This will all depend on the details of the deal that the UK negotiates with the EU over data transfers. It is likely that the UK will have to formally negotiate with EU to be granted ‘Adequacy’ status under the GDPR. If the UK is granted this status then UK businesses based in the UK will be able to trade data freely between the UK and the EU.
What Brexit mean for DMA members
How will the industry cope under an extended period of austerity?
As part of the campaign, George Osbourne indicated that a Brexit would mean renewed austerity. Austerity means cutting public sector investment, but in the years of austerity since 2008 the advertising and marketing sector has consistently performed strongly, growing every year. Brexit may well trigger a further recession, but many successful marketers have invested in times of recession and the impact on industry will depend on how business deals with the financial fallout of Brexit.
How will Brexit affect the UK’s data and digital economy? And its growth?
The UK is a world leader in digital and data-driven business, driving both the job market and economic growth. To continue to lead in this global industry we need to sustain our recruitment of talented developers, creatives and data analysts from around the world. We have a wealth of talent and STEM skills in the UK already, but we need to work hard to support and celebrate these talents to keep up with demand of the growing digital and data-driven economy.
My HQ is in Europe, rather than the UK – will my membership be affected?
Your membership will not be affected. We have a range of global businesses as members, so the location of your headquarters will not impact your being a member of the DMA.
Should UK businesses safeguard their future by developing relations outside of the EU?
This is a decision for businesses to take themselves and whether developing these relations is appropriate for them. The UK has voted to leave the Europe, but lengthy negotiations lie ahead, during which time the UK will remain an active member of the EU.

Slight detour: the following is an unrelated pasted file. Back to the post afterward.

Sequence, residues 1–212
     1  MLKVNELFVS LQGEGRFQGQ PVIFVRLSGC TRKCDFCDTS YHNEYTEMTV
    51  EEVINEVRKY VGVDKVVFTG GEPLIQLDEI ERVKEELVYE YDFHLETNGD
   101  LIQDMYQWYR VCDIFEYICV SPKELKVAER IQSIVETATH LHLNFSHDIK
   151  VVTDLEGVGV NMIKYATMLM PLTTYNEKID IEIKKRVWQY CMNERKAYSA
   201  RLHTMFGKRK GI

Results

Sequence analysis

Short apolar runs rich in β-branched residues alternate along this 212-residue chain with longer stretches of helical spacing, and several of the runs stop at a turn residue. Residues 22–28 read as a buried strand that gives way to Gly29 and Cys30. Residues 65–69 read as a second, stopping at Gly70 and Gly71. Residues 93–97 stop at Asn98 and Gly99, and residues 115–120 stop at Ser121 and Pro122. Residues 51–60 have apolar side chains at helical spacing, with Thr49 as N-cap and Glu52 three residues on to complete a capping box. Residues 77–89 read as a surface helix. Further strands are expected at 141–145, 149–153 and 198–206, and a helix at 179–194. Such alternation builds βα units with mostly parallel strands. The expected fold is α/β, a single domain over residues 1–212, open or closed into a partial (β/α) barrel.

Will SMEs benefit from a reduction in red tape in terms of EU bureaucracy?
Many UK businesses will want to continue trading with the EU, which means we will need to put new trade deals in place. Currently we do not know how long these will take to negotiate or what the final results will include, so we will have to wait for our nation’s politicians to confirm the finer details over the coming months and years.
Will uncertainty within the EU mean that UK businesses cut investment and jobs?
The DMA calls on businesses in our sector to make the necessary investments to operate in a fast-moving economy. Businesses need to continue to invest in their future, especially given the current pace of change. We do not recommend that UK businesses take this tact.
Will I still be able to travel freely to international conferences, after the two years is up?
As yet we do not know how travel will change under a Brexit. For all non-EU travel there will be no change. In a worst case scenario then border controls could be imposed throughout Europe that will apply to UK citizens. Before joining the Single Market UK citizens needed their passports to travel to each European country, but not usually visas. We may revert to this situation. However, once inside Europe free movement will be possible through Member States via the Schengen Agreement, where the free movement of people is guaranteed.